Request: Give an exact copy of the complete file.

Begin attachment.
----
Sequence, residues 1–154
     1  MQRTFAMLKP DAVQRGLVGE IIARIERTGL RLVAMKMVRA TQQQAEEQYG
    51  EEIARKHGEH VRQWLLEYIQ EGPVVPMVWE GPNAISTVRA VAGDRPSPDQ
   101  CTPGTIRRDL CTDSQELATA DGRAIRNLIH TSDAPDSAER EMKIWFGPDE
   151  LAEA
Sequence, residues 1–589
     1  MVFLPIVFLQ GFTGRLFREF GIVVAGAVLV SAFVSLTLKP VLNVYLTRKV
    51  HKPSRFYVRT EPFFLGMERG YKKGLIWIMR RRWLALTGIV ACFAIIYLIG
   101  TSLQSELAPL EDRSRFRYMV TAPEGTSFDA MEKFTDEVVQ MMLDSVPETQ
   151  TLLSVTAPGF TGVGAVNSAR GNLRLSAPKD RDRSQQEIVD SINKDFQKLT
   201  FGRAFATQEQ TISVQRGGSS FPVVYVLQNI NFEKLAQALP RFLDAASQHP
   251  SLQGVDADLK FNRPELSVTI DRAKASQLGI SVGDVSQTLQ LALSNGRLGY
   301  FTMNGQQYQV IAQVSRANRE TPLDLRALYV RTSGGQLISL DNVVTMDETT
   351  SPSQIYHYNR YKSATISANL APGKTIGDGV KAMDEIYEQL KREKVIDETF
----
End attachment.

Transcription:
Sequence, residues 1–154
     1  MQRTFAMLKP DAVQRGLVGE IIARIERTGL RLVAMKMVRA TQQQAEEQYG
    51  EEIARKHGEH VRQWLLEYIQ EGPVVPMVWE GPNAISTVRA VAGDRPSPDQ
   101  CTPGTIRRDL CTDSQELATA DGRAIRNLIH TSDAPDSAER EMKIWFGPDE
   151  LAEA
Sequence, residues 1–589
     1  MVFLPIVFLQ GFTGRLFREF GIVVAGAVLV SAFVSLTLKP VLNVYLTRKV
    51  HKPSRFYVRT EPFFLGMERG YKKGLIWIMR RRWLALTGIV ACFAIIYLIG
   101  TSLQSELAPL EDRSRFRYMV TAPEGTSFDA MEKFTDEVVQ MMLDSVPETQ
   151  TLLSVTAPGF TGVGAVNSAR GNLRLSAPKD RDRSQQEIVD SINKDFQKLT
   201  FGRAFATQEQ TISVQRGGSS FPVVYVLQNI NFEKLAQALP RFLDAASQHP
   251  SLQGVDADLK FNRPELSVTI DRAKASQLGI SVGDVSQTLQ LALSNGRLGY
   301  FTMNGQQYQV IAQVSRANRE TPLDLRALYV RTSGGQLISL DNVVTMDETT
   351  SPSQIYHYNR YKSATISANL APGKTIGDGV KAMDEIYEQL KREKVIDETF